Time To Call It A (Bubble) Wrap

In this final chapter of Bubble 3.0, I cover the subject a number of you have been asking for since we began publishing my book in chapters and mini chapters:  How best to protect your personal wealth from the radically different investment environment in which we find ourselves.

It’s simply stating the obvious that when I wrote this chapter late last year, I had no idea V. Putin would attack Ukraine.  It was, and continues to be, my view that this was a foolish move on his part.  The reports of severe personnel and equipment losses, as well as the unification of the West, would seem to justify my opinion.  So, I guess, in that way, I’m one for two on the geopolitical front, which is definitely not in my strike zone! 

Putin’s aggression has served to amplify trends that were already in place before the invasion, particularly with regard to inflation. Unfortunately, few investors have been positioned to benefit from this shift. As of the end of last year, a mere 3% of the S&P 500 was represented by direct inflation beneficiaries, such as energy and metals miners.  By contrast, tech and consumer discretionary sectors made up nearly 42% of the S&P.  These types of stocks typically struggle during times when the CPI is surging.

However, that appeared not to be the case last year.  In fact, both sectors had strong showings, at least superficially.  Yet, as I’ve often noted in these pages, there was serious sub-surface damage done to a plethora of stocks within them. Thus, money was stealthily flowing away from the longtime growth winners, mostly tech, into more hard-asset-type equities even before Russia’s attack. This was similar to the epic rotation that started in the spring of 2000 when the dot.com playthings were pounded, and the overall market stayed relatively resilient as the previously lagging “old economy” names began to rise out of the ashes of a two-year bear market.

Once more, it’s merely describing what’s inarguable that this tragic war is making the energy shortage much, much worse.  As many of you know, in October of last year we pulled forward our Bubble 3.0 chapter on energy.  We did this in order to highlight how dire the situation was even back then, when a Ukrainian invasion was a low-probability event. 

In addition to a severe energy crisis, a bigger risk for humanity is the increasing likelihood of widespread food shortage.  The two are related as the rocketing cost of natural gas is driving fertilizer prices up to levels that are becoming unaffordable for farmers, particularly outside of the U.S.  Fortunately for America, our bountiful quantities of natural gas, thanks to the “shale miracle, are hugely beneficial in this regard (natural gas is a key fertilizer ingredient). However, with roughly 25% of the planet’s wheat supply coming from Russia and Ukraine, food shortages and accelerating inflation are almost inevitable.

The bottom line is that wars are inflationary.  As BlackRock’s CEO Larry Fink wrote in a letter to his shareholders yesterday, the war in Ukraine is likely to further reverse globalization, another trend that was in place well before the war.  De-globalization is yet another upward price pressure as production is shifted away from lower cost venues such as China and closer to end markets in America and Europe.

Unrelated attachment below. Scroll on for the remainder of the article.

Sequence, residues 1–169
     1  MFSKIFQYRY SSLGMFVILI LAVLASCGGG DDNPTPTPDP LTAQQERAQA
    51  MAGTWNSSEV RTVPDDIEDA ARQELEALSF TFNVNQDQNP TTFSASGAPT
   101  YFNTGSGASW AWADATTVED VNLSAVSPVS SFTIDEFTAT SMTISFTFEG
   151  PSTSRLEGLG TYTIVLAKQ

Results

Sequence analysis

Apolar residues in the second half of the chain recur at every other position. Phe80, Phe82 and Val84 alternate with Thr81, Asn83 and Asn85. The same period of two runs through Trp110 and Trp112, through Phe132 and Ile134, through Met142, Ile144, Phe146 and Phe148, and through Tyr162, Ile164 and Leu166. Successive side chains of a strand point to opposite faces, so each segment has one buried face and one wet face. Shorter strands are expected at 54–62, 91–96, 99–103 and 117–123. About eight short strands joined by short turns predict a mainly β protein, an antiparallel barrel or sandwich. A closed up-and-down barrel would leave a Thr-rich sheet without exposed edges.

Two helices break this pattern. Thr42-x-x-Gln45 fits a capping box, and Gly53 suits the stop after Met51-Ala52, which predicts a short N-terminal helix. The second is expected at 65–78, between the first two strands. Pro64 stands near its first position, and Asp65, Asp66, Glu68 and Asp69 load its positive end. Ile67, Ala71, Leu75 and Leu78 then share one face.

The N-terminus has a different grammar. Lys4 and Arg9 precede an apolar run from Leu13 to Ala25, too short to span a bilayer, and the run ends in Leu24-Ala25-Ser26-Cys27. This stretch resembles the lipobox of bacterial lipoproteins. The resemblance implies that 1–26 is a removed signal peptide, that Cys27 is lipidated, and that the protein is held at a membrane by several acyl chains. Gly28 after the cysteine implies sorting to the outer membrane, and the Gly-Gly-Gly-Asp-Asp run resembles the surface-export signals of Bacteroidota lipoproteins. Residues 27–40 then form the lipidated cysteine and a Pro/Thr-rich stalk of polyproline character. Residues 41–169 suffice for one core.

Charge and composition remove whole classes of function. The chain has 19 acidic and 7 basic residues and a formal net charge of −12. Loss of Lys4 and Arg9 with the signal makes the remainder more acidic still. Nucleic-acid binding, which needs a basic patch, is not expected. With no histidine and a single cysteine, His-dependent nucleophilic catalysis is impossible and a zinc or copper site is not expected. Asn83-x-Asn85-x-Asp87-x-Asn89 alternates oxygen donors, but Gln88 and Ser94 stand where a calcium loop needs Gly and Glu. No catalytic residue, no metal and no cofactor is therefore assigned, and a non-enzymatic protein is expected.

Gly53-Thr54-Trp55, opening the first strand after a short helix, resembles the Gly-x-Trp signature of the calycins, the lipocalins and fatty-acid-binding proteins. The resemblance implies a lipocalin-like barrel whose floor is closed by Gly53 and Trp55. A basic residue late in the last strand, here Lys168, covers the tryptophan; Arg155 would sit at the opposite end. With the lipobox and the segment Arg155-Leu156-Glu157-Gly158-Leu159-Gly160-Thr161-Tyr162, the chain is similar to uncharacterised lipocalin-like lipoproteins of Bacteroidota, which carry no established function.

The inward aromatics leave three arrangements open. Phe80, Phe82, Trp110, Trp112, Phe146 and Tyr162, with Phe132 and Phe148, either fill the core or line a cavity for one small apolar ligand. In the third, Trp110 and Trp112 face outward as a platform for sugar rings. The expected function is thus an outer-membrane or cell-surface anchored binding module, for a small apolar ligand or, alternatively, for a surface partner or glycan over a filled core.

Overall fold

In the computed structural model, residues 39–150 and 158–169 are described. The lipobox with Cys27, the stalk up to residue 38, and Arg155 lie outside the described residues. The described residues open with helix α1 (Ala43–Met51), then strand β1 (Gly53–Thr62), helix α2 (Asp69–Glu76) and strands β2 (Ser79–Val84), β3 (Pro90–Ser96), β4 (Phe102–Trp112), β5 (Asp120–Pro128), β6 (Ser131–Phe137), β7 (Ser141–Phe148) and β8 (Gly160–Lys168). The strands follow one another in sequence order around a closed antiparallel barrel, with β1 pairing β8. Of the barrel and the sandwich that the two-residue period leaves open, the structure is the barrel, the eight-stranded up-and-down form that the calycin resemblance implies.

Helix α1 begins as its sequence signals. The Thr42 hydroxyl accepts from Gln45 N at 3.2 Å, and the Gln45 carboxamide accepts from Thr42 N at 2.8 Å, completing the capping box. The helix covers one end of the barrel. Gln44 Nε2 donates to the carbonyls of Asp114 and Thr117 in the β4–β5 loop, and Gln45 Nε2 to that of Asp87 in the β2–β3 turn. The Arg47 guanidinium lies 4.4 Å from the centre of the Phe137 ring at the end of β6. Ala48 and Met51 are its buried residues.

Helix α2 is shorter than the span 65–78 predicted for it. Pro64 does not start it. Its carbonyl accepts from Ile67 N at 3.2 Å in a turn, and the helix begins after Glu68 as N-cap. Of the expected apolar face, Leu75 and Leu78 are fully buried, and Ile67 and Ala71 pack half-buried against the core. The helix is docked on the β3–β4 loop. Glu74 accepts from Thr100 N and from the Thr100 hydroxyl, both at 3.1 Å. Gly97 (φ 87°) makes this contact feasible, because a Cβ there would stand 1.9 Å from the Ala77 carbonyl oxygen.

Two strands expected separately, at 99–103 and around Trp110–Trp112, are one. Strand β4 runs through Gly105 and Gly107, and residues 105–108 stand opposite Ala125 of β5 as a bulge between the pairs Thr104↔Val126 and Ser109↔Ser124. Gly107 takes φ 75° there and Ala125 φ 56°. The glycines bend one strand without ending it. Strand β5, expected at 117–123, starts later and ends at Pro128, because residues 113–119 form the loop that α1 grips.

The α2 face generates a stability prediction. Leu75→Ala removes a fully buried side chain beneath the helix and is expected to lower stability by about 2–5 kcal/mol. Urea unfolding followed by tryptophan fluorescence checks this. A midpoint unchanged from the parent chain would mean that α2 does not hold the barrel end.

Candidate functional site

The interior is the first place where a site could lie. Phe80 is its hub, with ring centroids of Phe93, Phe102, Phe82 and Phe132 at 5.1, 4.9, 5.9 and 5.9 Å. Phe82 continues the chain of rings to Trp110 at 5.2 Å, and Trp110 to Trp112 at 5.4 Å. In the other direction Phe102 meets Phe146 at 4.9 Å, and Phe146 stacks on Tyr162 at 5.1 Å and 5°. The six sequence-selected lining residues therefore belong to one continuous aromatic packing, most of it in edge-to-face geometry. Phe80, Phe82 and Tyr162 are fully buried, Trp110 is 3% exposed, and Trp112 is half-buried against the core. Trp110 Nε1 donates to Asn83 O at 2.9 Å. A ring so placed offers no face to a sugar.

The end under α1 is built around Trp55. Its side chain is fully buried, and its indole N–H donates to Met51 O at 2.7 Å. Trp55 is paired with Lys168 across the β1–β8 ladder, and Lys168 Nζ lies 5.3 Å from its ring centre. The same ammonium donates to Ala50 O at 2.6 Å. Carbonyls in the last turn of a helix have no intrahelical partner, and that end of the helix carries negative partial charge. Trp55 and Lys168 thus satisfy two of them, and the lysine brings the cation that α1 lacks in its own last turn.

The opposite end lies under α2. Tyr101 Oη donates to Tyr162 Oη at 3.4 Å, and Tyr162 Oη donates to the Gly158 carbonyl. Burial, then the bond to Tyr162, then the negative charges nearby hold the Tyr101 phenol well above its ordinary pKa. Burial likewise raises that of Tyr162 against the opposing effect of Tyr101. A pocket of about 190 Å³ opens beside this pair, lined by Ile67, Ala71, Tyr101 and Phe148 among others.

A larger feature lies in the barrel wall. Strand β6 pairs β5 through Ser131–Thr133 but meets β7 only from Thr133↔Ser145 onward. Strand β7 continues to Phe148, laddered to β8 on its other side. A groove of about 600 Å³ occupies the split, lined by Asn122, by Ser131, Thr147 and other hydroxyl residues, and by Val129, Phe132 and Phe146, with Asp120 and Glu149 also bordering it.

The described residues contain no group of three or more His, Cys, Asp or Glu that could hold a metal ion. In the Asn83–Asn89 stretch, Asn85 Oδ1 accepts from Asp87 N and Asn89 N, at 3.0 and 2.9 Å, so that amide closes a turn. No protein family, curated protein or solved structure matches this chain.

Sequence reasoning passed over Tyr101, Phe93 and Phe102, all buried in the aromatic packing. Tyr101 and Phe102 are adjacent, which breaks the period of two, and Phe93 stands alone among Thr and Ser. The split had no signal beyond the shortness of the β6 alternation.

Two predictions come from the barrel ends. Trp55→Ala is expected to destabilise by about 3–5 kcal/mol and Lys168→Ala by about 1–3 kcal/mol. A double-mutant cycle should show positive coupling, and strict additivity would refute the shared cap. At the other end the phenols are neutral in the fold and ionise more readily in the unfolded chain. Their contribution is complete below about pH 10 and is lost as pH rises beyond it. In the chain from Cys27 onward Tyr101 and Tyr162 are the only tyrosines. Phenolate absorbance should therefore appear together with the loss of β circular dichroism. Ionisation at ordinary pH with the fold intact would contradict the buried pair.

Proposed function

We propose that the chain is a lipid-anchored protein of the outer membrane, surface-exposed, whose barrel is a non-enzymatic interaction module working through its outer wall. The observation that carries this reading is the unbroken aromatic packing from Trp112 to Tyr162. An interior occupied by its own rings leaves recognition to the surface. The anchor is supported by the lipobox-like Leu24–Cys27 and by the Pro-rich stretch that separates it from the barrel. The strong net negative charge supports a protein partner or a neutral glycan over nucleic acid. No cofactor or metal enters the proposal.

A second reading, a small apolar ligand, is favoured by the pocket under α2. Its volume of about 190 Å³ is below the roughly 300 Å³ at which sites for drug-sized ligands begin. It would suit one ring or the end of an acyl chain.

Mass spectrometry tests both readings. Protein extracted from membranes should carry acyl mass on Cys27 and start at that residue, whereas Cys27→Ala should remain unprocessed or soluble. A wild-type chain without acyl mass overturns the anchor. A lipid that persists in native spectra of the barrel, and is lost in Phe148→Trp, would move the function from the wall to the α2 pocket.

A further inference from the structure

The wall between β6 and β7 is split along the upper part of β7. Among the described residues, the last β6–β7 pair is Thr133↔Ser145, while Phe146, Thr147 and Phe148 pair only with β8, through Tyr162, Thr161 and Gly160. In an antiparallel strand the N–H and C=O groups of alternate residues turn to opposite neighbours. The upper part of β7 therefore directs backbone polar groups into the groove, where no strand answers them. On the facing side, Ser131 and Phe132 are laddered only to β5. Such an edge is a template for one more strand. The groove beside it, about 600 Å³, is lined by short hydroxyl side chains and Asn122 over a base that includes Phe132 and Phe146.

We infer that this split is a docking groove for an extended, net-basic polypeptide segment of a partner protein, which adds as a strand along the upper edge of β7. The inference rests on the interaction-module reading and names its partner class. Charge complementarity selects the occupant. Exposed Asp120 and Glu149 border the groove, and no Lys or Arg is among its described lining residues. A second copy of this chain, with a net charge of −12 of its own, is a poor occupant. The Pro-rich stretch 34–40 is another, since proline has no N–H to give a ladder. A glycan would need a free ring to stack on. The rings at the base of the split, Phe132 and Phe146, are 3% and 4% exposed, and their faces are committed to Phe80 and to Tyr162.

As a result of these factors, and many others, such as the U.S. government’s reckless embrace of Modern Monetary Theory (MMT) during 2020 and 2021, elevated inflation is likely to be with us for at least the next few years.  Thus, the momentous developments this year have reinforced my conviction in this chapter’s investment recommendations.  The section “What Would Rhett Butler Do?” is particularly relevant in that regard, for those who would like to skip ahead to home in on the specifics.  

There is a common theme that runs through all of my wealth preservation suggestions and that is to seek protection from the persistent, yet hidden, asset value erosion of inflation.  Treasury bonds, for decades a key pillar of portfolio stability, definitely do not serve that purpose.  When I was writing this chapter, and expressing my bear view of treasuries, the 10-year T-note was yielding around 1 ½%.  Today, it has rocketed to 2 ½%. Accordingly, my negativity toward treasuries, one that I’ve repeatedly expressed in these pages, was well-founded.  Even at this much higher yield, though, with inflation running at 7%, I continue to view bonds as “certificates of confiscation”.  Yet, millions of U.S. investors remain heavily exposed to long-term, fixed-rate bonds, particularly in their retirement accounts.

Lastly, I’d suggest special attention should be paid to the brief section on breakouts and breakdowns, which one of the world’s foremost investors refers to as “range expansions”.   This may be among the most valuable insights of Bubble 3.0.  As I articulate, I’ve been astounded by the applicability of this approach to most areas of finance and economics.  For example, early last year every chart I’ve seen on the various ways inflation is tracked was screaming that it was decisively breaking out of the 1% to 3% zone that it had stayed within for over a decade.   

Whew!  It’s been quite the experience we’ve all had since Bubble 3.0 started hitting Substack in January.  The journey isn’t totally complete, as there is an Epilogue coming out shortly, but the finish line is in sight. 

Thanks for joining me on this adventure!

David Hay

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